He mentioned that he sharpens the blades every day, which is imperative for getting a nice clean cut, especially when working with raw fish. Chef Tabata also listed a few essential sauces in Japanese cuisine – soy sauce, teriyaki sauce, sesami dressing, and rice vinegar.

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He then showed us the best way to hand-roll temaki sushi. One tip Chef Tabata had was to not overfill the seaweed. Just one flat layer of rice with three or four pieces of filling is enough – like a slice of salmon, avocado, and fish roe to make California temaki sushi.

Temaki sushi is similar to the popular rolled sushi that we see in sushi bars around KL. The only difference is that temaki sushi is cone-shaped and is more of a build-your-own sushi type dish.

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One of the Japanese nationals travelling with the tour said that temaki sushi sets are readily available in stores around Japan, which eliminates the need for home cooks to slave over slicing all the elements that go into the sushi.  The sets usually include pre-sliced raw fish, like tuna and salmon, as well as various vegetables, fish roe and cooked seafood such as octopus and prawns. So people usually just buy these sets and serve them up at parties so that their guests can make their own temaki sushi.

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Food that’s fun and healthy

After the demonstration, attendees were led to their tables set up with temaki sets so that we could try our hand at rolling our own sushi. It certainly wasn’t as simple as Chef Tabata made it look. I thought I started off quite well until I realised that I had used the wrong side of the seaweed! But no matter, I wasn’t about to present it to anyone, so I just continued to fill my sushi.

By the time I had finished with my filling, it was way too full to be rolled properly. I wrestled with it for a while before giving up trying to make it look pretty. I moved on to my second temaki sushi, and just in time, a chef from Senya Sake joined us at the table and taught me what I should have already known from Chef Tabata’s demonstration. Second try, not too shabby!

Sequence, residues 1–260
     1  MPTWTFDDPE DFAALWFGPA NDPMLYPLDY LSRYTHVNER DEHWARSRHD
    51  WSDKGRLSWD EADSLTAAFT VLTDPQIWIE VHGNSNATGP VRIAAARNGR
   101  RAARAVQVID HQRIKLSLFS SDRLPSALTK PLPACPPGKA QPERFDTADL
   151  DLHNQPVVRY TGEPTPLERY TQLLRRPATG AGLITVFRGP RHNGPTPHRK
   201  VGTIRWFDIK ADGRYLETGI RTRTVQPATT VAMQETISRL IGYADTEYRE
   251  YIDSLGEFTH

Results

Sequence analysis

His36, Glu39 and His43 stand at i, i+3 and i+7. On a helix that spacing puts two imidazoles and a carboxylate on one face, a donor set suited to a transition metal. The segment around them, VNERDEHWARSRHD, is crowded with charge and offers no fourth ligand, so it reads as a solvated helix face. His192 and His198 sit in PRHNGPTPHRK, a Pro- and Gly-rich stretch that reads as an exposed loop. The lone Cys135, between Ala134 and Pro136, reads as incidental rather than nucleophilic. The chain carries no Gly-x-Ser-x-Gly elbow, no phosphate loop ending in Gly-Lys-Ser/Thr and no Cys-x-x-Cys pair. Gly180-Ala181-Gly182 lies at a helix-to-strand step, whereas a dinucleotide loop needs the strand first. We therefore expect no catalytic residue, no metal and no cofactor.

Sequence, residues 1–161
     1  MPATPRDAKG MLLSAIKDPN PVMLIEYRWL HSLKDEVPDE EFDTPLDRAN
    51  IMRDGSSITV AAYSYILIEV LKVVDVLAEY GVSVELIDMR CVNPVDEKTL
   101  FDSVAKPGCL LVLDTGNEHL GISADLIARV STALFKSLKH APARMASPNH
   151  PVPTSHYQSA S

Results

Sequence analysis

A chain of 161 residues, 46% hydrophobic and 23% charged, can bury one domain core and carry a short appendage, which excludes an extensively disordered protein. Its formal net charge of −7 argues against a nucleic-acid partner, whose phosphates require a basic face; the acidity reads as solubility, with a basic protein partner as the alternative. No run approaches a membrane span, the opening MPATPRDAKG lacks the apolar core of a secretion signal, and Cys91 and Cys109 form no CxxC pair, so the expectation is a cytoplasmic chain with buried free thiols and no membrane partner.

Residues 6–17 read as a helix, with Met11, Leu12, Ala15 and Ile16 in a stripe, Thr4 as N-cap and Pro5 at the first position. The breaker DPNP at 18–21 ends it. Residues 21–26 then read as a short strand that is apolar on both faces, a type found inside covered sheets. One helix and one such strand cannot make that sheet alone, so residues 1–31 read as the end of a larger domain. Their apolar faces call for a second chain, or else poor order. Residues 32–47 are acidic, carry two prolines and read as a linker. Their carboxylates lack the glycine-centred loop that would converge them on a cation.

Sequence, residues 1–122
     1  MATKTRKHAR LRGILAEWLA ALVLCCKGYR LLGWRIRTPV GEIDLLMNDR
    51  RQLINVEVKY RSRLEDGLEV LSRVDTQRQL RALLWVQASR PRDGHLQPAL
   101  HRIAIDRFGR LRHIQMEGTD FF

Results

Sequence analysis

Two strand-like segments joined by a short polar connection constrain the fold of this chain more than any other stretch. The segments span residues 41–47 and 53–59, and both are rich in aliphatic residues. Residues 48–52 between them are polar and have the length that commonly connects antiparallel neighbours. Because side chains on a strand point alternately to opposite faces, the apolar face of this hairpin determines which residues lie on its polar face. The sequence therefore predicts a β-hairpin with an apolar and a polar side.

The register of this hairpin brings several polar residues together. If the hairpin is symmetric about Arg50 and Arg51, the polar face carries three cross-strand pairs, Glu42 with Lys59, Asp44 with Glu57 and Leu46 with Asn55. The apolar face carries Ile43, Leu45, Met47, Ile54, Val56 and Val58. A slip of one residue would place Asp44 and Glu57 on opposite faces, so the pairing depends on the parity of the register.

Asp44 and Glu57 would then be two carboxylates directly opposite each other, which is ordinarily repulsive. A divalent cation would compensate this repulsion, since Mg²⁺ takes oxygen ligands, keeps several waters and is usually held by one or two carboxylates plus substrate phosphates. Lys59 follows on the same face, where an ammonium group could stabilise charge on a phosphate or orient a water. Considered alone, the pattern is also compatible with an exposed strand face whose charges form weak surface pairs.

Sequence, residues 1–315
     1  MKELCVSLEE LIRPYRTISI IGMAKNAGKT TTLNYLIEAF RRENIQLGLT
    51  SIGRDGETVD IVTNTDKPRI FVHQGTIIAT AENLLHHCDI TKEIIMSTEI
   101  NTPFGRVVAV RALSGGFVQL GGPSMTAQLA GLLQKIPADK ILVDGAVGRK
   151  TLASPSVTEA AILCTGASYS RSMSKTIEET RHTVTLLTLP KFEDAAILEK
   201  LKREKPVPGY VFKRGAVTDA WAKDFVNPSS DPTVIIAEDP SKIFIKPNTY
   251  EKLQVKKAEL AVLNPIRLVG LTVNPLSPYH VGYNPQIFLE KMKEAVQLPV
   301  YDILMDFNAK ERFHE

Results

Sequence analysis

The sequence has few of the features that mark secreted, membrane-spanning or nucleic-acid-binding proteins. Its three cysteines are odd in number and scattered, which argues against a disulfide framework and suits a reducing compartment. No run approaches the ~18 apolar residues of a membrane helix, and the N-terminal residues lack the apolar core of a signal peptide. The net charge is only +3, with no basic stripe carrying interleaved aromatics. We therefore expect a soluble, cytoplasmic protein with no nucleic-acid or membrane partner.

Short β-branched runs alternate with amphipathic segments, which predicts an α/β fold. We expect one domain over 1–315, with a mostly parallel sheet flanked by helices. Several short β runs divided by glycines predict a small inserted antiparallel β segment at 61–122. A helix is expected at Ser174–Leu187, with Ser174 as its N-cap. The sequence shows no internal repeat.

My third temaki sushi looked the best, I have to say. By then I was comfortable, I knew just how much rice to add, the right way to hold the seaweed, and I remembered not to overfill my sushi. I was genuinely proud of myself after that third attempt, and I didn’t want to come off that cloud just yet, so I decided to stop there and start eating!

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One the left: Chef Tabata’s Temaki Sushi, on the right: My attempt at temaki sushi

Chef Tabata walked around the restaurant, commenting on our techniques and offering advice to those of us who were struggling. But by the time he arrived at my table, I had already eaten my two ugly temaki sushi. So all he saw, to my relief, was the one really well-rolled sushi I had left on my plate. He complimented me on my technique and that was the highlight of my day!

There was a pleasant hum of excited conversation throughout the restaurant as everyone was deciding on what to put into their sushi, and just how much filling to use to avoid spillage. By the end, we were all stuffed! Sushi can be quite filling; in fact, most people only had about three or four pieces of their DIY temaki sushi. Personally, I had four and then I just snacked on the filling. It was good quality, melt-in-you-mouth sashimi in strips and delicious tuna mayo.

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The entire event was both entertaining and educational. I learned a lot about Japanese cuisine and the philosophy behind it. I am now a believer in the simplicity of Japanese cuisine, and I’m sure I’ll be cooking up more Japanese meals at home. But first, I’ll have to get some kombu and bonito flakes. It’s the best excuse for a shopping trip!

I think there will be a few more home-cooked Japanese meals around KL after this. Chefs Tabata and Hasegawa certainly managed to convey the ease of cooking Japanese food at home. Hopefully they bring the tour back for another round;  maybe this time to promote Japanese food to people who have never tried it. I know a few people who need some convincing that Japanese food is tasty.